The Government of India (Amendment) Act, 1916 didn’t make any reference to the tenure of members of the civil service in India. This was for the first time done by the Government of India Act, 1919, which introduced several amendments in the 1915 Act including the insertion of Part VIIA consisting of section 96 B to 96 E. Section 96 B (1) provided that the civil servant is obliged to hold the office during the pleasure of His Majesty and the civil servant cannot be dismissed by any other person who is subordinate to that civil servant. The Secretary of the State was entitled to reinstate back the wrongly dismissed servant. (2) provides for the same provisions which were there in the Section 75 of the Act of 1833.
(3) provides shall prejudice the rights to which any person may, or may have, become entitled under the provisions in relation to pensions contained in the East India Annuity Funds Act, 1874
Section 96B of the Government of India Act, 1919, for the first time expressly stated that every person in the civil service of the Crown in India held office "during His Majesty's pleasure." This was, however, made subject to three safeguards, namely-
(1) a civil servant could not be dismissed by any authority subordinate to that by which he was appointed;
(2) the Secretary of State in Council had the power, unless he provided to the contrary in the rules, to reinstate any person in service who had been dismissed; and
(3) if a civil servant appointed by the Secretary of State in Council thought himself wronged by an order of an official superior in a Governor's Province and on due application made to that superior did not receive the redress to which he considered himself entitled, he could, without prejudice to any other right of redress, complain to the Governor of the Province in order to obtain justice and the Governor had to examine such complaint and require such action to be taken thereon as might appear to him to be just and equitable.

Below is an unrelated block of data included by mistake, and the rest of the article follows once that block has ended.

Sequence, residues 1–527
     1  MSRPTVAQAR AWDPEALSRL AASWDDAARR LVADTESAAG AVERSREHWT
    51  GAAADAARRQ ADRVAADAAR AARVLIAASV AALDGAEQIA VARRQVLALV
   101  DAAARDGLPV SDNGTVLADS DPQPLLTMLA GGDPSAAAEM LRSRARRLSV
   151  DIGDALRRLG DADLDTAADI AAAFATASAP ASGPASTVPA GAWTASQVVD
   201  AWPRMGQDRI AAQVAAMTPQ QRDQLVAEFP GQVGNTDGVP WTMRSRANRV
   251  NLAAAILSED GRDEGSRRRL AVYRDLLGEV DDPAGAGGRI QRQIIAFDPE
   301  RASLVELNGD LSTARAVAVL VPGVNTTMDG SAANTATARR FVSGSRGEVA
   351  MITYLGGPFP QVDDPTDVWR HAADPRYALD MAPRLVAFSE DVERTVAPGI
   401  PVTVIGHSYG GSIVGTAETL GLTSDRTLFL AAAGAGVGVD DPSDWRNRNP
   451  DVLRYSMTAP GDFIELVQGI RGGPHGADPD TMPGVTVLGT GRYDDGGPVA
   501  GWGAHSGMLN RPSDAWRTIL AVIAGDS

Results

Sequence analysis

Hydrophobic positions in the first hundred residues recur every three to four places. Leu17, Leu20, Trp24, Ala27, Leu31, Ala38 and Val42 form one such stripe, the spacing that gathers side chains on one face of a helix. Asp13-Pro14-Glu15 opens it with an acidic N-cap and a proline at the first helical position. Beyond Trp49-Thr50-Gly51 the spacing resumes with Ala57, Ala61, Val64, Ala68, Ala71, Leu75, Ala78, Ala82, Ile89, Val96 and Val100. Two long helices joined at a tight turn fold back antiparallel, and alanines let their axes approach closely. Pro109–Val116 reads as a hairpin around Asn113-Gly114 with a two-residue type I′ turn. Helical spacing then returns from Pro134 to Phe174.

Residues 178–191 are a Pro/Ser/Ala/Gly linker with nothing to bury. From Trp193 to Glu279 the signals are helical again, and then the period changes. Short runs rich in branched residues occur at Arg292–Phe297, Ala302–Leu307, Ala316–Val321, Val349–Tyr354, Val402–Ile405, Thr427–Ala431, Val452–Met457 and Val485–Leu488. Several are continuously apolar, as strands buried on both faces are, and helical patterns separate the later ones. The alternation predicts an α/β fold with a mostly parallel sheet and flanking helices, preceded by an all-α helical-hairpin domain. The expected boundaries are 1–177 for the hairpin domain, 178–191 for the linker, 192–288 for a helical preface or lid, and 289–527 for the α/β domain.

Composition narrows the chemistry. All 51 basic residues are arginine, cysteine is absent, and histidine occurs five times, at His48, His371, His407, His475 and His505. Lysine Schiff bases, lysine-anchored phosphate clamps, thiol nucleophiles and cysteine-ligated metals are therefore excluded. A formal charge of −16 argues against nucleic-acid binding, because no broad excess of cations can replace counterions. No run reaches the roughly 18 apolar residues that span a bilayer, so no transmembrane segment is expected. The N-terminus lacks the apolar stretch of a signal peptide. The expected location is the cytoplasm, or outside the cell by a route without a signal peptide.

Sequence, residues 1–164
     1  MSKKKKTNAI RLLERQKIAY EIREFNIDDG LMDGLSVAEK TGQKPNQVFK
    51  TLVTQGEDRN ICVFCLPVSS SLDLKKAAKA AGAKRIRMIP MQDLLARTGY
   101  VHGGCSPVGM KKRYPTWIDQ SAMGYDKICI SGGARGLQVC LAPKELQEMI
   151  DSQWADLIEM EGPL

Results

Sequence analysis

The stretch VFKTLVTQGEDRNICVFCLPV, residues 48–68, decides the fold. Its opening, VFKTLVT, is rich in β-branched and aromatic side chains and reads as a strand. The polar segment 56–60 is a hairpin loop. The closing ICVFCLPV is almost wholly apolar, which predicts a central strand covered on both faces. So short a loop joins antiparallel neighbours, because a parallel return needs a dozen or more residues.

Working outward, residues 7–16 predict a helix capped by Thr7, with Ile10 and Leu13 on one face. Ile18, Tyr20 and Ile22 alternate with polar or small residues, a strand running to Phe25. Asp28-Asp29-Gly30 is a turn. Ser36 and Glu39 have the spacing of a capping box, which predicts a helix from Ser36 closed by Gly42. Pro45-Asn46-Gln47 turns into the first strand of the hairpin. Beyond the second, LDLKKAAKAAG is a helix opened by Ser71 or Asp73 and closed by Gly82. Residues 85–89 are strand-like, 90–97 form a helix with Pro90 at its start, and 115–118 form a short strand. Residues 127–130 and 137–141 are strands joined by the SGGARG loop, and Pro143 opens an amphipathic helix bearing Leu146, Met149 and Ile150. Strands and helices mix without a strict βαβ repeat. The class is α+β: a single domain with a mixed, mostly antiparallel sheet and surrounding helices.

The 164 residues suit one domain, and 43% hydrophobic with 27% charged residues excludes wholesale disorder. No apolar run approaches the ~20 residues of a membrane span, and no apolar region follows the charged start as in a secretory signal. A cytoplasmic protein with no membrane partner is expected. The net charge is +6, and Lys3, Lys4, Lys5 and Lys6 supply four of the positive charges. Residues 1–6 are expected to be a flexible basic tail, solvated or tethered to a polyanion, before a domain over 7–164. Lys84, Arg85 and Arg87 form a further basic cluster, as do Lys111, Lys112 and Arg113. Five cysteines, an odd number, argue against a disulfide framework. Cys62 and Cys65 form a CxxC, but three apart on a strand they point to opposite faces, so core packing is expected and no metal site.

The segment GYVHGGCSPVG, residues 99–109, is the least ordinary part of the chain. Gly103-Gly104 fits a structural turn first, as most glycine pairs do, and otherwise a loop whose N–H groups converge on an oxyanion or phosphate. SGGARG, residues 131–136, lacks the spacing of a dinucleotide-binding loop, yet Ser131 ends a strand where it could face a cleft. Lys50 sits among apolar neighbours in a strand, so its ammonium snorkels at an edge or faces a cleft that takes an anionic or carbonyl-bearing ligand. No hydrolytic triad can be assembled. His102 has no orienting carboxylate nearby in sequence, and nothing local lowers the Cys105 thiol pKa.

In the later developments, when the Indian Parliamentarians started to make some kind of rules and regulations for India, Section 240 of the 1935 Act which is relevant. Section 240 provided as follows: 240.
Tenure of office of persons employed in civil capacities in India.-
(1) Except as expressly provided by this Act, every persons who is a member of a civil service of the Crown in India, or holds any civil post under the Crown in India holds office during His Majesty's pleasure.
(2) No such person as aforesaid shall be dismissed from the service of His Majesty by any authority subordinate to that by which he was appointed.
(3) No such person as aforesaid shall be dismissed or reduced in rank until he has been given a reasonable opportunity of showing cause against the action proposed to be taken in regard to him: Provided that this sub-section shall not be apply-
(a) where a person is dismissed or reduced in rank on the ground of conduct which has led to his conviction on a criminal charge; or
(b) where an authority empowered to dismiss a person or reduce him in rank is satisfied that for some reason, to be recorded by that authority in writing, it is not reasonably practicable to give to that person an opportunity of showing cause.
(4) Notwithstanding that a person holding a civil post under the Crown in India holds office during His Majesty's pleasure, any contract under which a person, not being a member of a civil service of the Crown in India is appointed under this Act to hold such a post may, if the Governor-General, or, as the case may be, the Governor, deems it necessary in order to secure the service of a person having special qualifications, provide for the payment to him of compensation, if before the expiration of an agreed period that post is abolished or he is, for reasons not connected with any misconduct on his part, required to vacate that post.
After the Indian independence, the constitutional framers had inserted the above provisions as it is until they are in consistence with the Constitution.
This was the historical background of the development of the constitutional provisions relating to the services under the Union and the State.
Constitutional Provisions with small commentaries: